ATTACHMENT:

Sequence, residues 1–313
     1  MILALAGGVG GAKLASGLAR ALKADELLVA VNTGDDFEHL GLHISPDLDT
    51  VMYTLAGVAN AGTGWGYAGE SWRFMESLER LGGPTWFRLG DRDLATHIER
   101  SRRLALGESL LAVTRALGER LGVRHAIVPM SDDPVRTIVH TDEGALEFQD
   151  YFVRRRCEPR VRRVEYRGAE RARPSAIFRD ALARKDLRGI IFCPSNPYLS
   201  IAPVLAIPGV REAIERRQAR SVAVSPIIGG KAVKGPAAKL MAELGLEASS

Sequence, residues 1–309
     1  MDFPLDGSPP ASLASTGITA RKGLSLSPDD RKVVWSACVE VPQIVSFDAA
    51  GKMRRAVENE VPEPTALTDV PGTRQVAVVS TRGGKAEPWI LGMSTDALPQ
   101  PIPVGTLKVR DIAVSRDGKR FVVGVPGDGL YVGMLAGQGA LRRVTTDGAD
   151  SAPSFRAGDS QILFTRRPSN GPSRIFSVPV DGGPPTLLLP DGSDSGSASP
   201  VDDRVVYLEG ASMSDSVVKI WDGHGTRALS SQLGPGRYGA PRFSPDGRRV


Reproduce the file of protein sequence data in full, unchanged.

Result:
Sequence, residues 1–313
     1  MILALAGGVG GAKLASGLAR ALKADELLVA VNTGDDFEHL GLHISPDLDT
    51  VMYTLAGVAN AGTGWGYAGE SWRFMESLER LGGPTWFRLG DRDLATHIER
   101  SRRLALGESL LAVTRALGER LGVRHAIVPM SDDPVRTIVH TDEGALEFQD
   151  YFVRRRCEPR VRRVEYRGAE RARPSAIFRD ALARKDLRGI IFCPSNPYLS
   201  IAPVLAIPGV REAIERRQAR SVAVSPIIGG KAVKGPAAKL MAELGLEASS

Sequence, residues 1–309
     1  MDFPLDGSPP ASLASTGITA RKGLSLSPDD RKVVWSACVE VPQIVSFDAA
    51  GKMRRAVENE VPEPTALTDV PGTRQVAVVS TRGGKAEPWI LGMSTDALPQ
   101  PIPVGTLKVR DIAVSRDGKR FVVGVPGDGL YVGMLAGQGA LRRVTTDGAD
   151  SAPSFRAGDS QILFTRRPSN GPSRIFSVPV DGGPPTLLLP DGSDSGSASP
   201  VDDRVVYLEG ASMSDSVVKI WDGHGTRALS SQLGPGRYGA PRFSPDGRRV